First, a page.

About half of WVU’s academic programs are under review during budget crunch

About half of West Virginia University’s academic programs are up for review as a financial crunch has pushed the school to size up what it can and can’t afford.

During a Campus Conversation this week, officials said 47 percent of academic programs have been identified for review. About the same number, 48 percent, of academic units are up for review.

The university is organized by units that may include a portfolio of academic programs. So university officials are assessing academic offerings at both levels.

Personnel representing the academic areas have been sent notification that they are under review, university officials said today.

The designation doesn’t mean the academic programs are likely to be shut down. But it means they’ll be examined for potential shutdown, retention or scaling back.

Mark Gavin

“Those outcomes include anything and all,” said Associate Provost Mark Gavin.

“One is, continue as-is without any specific action. At the other end of the continuum is discontinue. In between was continue with specific action. This could mean things like continue on, but establish and work with the university enrollment and the provost’s office to drive enrollment numbers, for example.

“We could also have an outcome that leads to a cooperative or collaborative program where we see opportunities within a unit or across units to merge a couple of programs that might create an exciting opportunity that might be a little more responsive to student interest and market demands.”

The final possibility, Gavin said, is to continue with a reduced level of activity.

“And this could be where we see things like personnel reductions in light of changes in enrollment and student credit hour production, for example.”

University officials described the process as an “accelerated approach due to the challenging financial environment that we are now facing.”

WVU has been working to resolve a multi-million dollar financial crunch. Last month, the board of governors approved a budget for the coming year that raises tuition by 3 percent, trims expenses by about $10 million — mostly through reduced staffing — and bridges a remaining gap through use of financial reserves.

Over the next few months, WVU officials will be assessing staffing and programs, moving toward cutting back.

The assessment has paid particular attention to enrollment size and enrollment trends.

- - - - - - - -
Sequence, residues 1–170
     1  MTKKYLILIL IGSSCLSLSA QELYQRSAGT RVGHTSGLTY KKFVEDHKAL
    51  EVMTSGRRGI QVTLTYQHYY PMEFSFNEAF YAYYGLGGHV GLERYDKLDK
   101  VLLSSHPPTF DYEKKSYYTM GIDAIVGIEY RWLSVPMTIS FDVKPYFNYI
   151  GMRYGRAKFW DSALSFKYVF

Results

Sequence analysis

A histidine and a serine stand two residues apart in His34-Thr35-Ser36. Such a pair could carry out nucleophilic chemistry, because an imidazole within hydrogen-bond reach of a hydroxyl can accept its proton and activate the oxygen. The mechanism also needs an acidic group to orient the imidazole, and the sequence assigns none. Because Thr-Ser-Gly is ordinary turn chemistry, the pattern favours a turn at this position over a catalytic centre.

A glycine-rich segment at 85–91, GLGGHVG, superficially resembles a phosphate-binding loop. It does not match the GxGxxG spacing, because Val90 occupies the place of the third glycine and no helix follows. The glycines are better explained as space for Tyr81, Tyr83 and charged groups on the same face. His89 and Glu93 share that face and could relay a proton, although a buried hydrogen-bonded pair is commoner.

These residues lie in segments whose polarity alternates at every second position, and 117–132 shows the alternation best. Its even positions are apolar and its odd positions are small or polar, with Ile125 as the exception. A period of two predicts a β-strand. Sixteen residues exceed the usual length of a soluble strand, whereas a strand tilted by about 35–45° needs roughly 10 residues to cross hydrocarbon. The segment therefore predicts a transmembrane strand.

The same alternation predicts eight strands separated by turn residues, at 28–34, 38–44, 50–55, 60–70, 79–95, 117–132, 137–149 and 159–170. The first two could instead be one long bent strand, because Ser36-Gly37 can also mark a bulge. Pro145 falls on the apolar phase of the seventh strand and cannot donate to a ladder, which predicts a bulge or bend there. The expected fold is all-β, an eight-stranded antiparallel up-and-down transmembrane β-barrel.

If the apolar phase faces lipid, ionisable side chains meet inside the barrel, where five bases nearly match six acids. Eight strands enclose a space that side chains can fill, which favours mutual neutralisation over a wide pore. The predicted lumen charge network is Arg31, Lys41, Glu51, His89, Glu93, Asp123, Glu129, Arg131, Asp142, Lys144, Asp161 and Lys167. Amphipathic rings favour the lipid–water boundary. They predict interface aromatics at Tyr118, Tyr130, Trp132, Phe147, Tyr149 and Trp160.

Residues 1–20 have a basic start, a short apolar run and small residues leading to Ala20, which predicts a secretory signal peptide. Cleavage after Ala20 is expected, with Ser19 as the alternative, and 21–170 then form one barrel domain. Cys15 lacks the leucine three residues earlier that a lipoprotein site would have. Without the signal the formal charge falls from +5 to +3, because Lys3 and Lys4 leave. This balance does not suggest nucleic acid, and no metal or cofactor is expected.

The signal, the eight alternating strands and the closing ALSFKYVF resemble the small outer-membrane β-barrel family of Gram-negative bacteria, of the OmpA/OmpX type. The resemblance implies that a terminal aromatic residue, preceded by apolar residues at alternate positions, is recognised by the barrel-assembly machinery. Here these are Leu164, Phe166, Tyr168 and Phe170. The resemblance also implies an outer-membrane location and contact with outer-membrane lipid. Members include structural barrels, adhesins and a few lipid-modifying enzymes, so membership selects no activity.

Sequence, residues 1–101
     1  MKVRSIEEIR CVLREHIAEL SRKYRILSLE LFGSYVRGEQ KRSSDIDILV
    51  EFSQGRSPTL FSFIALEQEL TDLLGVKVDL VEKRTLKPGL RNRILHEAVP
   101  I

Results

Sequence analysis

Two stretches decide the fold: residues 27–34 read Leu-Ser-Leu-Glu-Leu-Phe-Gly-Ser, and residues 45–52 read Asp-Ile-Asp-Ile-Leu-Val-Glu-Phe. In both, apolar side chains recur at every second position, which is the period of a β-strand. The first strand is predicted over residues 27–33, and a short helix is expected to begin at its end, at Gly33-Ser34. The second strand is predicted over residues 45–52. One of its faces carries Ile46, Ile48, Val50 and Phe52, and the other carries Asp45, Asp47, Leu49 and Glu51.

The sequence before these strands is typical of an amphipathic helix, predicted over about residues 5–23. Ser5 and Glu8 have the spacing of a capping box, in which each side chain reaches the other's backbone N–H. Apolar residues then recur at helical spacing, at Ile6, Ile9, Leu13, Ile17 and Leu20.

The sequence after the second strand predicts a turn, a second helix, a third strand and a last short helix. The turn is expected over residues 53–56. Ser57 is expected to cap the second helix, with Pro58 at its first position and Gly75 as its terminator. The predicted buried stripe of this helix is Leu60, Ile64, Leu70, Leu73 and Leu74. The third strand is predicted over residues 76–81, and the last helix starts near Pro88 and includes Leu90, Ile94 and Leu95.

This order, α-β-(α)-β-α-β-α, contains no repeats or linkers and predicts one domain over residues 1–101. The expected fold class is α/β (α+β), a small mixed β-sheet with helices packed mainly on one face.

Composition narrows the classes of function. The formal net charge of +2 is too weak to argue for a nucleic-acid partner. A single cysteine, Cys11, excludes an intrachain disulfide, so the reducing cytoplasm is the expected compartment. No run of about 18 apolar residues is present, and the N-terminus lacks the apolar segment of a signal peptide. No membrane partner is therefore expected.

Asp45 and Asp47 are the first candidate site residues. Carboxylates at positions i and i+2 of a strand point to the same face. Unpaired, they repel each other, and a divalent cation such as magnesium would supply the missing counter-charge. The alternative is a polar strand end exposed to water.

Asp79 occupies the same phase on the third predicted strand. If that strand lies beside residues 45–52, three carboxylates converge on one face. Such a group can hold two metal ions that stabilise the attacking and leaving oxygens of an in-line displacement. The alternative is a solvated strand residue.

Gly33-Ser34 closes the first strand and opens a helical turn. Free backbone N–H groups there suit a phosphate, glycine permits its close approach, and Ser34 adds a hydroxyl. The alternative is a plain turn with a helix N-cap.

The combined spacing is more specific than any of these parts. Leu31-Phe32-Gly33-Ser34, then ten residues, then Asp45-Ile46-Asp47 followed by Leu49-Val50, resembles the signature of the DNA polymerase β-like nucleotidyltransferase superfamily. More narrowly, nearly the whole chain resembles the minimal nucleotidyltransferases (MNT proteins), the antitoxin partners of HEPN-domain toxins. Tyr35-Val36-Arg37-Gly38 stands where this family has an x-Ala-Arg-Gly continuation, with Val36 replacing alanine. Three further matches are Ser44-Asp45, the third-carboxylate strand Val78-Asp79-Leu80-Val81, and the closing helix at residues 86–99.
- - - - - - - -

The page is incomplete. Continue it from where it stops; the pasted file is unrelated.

The Campus Conversation on Monday was meant to be a forum to outline and explain the process for scaling back academic programs.

“Just because a program is under review does not mean that it will be discontinued. The majority will not be, and students and their success are our top priority. Programs that are discontinued will be taught out, offering students a path to completion within their intended major,” Gavin said.

“But students in discontinued programs will also have the option to explore one of our many other academic offerings. In short, we will work with the effective students to help them find their best path moving forward.”

He acknowledged concerns about faculty losing their jobs, too.

“While this may seem like a large number of faculty that are in units and associated programs that are identified for further review, the truth is that the majority will continue in their positions,” Gavin said.

Gordon Gee

University President Gordon Gee described the difficulty of what the university is going through. He said it’s hard for everyone.

“Let me just say, unless any of you haven’t determined this — this is a difficult process,” Gee said at the Campus Conversation. “This involves people’s lives. It involves the notion that we are engaged in making some very difficult decisions, and people will be affected by those. To say it’s not difficult is not the right statement; it is very difficult.”

By Sept. 15, Gee said, the university hopes to make many of its biggest decisions.

“As I have often said, we want to squeeze fear out of the room.” he said. “We want to get on about our business of creating and running a great university.”

Gee went on to say that although the university has identified roughly half of its academic programs to be under formal review, the reality is that the entire university is being reviewed.

“So nothing is exempt,” he said. “And in fact, we have every belief that we will continue to find opportunities for resource reductions or resource reallocations.”

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